Royal Brunei Airlines (RBA) is adding Airbus A320s to its fleet next year and has confirmed that its new business strategy is to focus on short-haul rather than long-haul operations.

The carrier “is planning to add at least one extra A320 to the short-haul fleet in March-May 2012 to ensure the airline can offer a more consistent schedule and level of service on the regional network,” it says. RBA has no A320s on order, which means it is likely to be in the market to lease the aircraft.

RBA also says it remains committed to taking delivery of Boeing 787s, the first of which will come in 2013. The carrier has five 787-8s on order, according to the Ascend database.

The airline also has six Boeing 777s, which are leased from Singapore Airlines (SIA), but it no longer needs so many 777s because from Oct. 30, it will stop flying to Auckland, Brisbane, Perth and Ho Chi Minh City.

Executives at the airline have told Aviation Week they are trying to persuade SIA to let RBA break the lease and return some of the 777s. The airline says extensive research it conducted earlier this year shows it “must realign its goals and focus once again on becoming a regional hub with strategic connectivity—a return to its roots. This means focusing on regional traffic and maintaining only the long-haul routes which are consistent with the airline’s long-term objectives.”

Royal Brunei says it is abandoning some long-haul routes because the research showed that only about 9% of the traffic on long-haul routes originates in Brunei or ends in Brunei. “This 9% are the passengers that contribute to Brunei’s local economy—the rest simply transit Brunei on their way somewhere else and offer little in the way of economic activity,” RBA says.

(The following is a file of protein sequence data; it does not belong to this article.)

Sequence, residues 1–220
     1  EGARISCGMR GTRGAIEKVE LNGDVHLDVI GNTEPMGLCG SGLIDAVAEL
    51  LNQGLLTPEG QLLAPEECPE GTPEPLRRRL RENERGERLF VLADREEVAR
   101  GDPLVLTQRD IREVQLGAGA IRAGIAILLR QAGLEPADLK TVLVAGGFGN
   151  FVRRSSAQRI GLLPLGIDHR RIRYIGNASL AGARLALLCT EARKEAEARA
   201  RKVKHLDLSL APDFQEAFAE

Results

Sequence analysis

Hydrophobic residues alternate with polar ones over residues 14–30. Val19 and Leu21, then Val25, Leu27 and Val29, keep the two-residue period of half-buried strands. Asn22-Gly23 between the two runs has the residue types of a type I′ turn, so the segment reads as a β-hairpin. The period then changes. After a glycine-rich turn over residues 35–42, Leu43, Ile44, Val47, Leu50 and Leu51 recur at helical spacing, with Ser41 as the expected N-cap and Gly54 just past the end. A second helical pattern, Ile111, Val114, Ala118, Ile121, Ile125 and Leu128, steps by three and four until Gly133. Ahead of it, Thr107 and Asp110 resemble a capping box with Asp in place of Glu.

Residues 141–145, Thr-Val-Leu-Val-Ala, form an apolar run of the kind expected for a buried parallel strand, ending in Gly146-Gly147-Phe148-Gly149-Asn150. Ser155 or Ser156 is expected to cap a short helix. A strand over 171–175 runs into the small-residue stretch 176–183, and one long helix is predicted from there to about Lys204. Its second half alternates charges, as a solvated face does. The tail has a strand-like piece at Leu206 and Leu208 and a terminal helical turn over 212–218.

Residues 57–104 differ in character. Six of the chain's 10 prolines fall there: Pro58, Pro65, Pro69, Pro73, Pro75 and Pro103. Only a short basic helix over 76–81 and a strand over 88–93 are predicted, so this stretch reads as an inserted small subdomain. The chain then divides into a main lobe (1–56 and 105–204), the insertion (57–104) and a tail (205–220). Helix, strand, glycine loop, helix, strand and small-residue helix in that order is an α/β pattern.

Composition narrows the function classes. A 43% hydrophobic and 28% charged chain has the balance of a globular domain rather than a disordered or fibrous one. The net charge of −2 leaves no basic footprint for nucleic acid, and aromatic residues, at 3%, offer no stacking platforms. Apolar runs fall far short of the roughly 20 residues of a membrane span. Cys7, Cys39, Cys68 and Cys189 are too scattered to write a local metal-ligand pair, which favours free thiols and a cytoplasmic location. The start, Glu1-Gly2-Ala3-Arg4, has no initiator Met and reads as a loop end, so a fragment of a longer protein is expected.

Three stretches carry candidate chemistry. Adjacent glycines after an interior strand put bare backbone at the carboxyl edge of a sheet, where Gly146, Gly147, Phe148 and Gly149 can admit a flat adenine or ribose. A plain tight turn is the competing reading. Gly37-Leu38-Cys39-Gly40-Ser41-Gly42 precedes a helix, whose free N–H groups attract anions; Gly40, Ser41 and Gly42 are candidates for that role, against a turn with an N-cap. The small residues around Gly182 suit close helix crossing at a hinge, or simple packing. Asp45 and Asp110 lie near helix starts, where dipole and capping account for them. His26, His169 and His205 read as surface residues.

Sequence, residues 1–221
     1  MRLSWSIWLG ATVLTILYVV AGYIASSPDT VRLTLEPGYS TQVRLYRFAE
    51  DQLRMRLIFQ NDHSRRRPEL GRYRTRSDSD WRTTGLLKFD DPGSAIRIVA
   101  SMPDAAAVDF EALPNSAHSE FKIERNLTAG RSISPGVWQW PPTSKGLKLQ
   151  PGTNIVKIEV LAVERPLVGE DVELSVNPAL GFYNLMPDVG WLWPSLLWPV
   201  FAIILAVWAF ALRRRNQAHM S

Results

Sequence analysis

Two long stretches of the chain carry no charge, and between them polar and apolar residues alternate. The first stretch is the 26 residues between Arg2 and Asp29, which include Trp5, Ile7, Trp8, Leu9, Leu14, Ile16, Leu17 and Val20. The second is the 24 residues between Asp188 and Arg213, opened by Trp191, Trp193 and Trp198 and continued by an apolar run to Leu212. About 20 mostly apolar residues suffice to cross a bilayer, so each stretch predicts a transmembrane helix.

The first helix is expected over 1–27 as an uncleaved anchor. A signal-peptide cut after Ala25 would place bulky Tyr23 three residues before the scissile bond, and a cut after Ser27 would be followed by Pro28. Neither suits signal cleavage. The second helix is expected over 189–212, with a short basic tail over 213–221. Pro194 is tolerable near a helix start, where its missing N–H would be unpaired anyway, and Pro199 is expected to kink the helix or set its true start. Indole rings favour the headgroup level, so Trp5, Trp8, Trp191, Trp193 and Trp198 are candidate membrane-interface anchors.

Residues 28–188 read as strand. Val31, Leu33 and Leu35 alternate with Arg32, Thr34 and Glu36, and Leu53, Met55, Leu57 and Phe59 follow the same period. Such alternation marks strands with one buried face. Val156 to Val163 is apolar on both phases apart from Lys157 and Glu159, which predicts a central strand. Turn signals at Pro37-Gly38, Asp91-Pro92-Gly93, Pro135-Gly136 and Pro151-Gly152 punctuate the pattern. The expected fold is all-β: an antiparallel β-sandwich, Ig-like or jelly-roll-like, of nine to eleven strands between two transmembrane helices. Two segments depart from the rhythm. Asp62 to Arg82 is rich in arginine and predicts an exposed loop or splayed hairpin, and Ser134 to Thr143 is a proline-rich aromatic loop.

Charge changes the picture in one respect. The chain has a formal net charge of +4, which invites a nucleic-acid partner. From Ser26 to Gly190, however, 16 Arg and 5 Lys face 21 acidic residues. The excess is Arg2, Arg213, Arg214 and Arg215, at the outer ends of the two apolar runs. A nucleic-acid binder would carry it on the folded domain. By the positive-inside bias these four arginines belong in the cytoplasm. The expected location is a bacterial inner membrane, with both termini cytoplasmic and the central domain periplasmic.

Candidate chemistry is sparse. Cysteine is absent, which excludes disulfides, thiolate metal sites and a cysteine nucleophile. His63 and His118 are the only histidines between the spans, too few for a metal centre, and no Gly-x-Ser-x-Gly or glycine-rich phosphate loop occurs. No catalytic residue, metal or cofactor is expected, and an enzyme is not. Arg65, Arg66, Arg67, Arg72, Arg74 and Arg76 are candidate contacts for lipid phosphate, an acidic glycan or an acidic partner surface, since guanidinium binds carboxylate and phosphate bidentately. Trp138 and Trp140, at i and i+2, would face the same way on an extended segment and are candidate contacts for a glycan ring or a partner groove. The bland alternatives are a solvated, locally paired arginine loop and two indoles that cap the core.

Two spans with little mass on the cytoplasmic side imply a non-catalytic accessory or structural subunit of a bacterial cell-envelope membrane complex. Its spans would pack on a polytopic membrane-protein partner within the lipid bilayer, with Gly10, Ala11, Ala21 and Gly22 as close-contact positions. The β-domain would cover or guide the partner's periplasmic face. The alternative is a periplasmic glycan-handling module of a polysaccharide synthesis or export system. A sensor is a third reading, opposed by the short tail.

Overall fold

“In these circumstances, it has become impossible to justify the continuation of the route network in its entirety, where RBA is effectively providing subsidies to over 90% of the traffic, while creating little or no economic value either for the airline or the country.”

By comparison, about 75% of all passengers on its regional routes are based in or are visiting Brunei. “It is clear why RBA must focus on the regional market,” says RBA. “To continue to serve the routes that have been suspended, would cost RBA and Brunei far more than the economic benefit the airline or country would receive in return for keeping these routes open.”

The carrier admits there are arguments that the long-haul services should continue because the belly-hold space on the aircraft is important for transporting goods to and from Brunei.

But RBA says there is no rule that says freight requires a nonstop service. It says, “Daily connections via regional hubs should be more than enough to supply Brunei with all of the goods we currently enjoy.”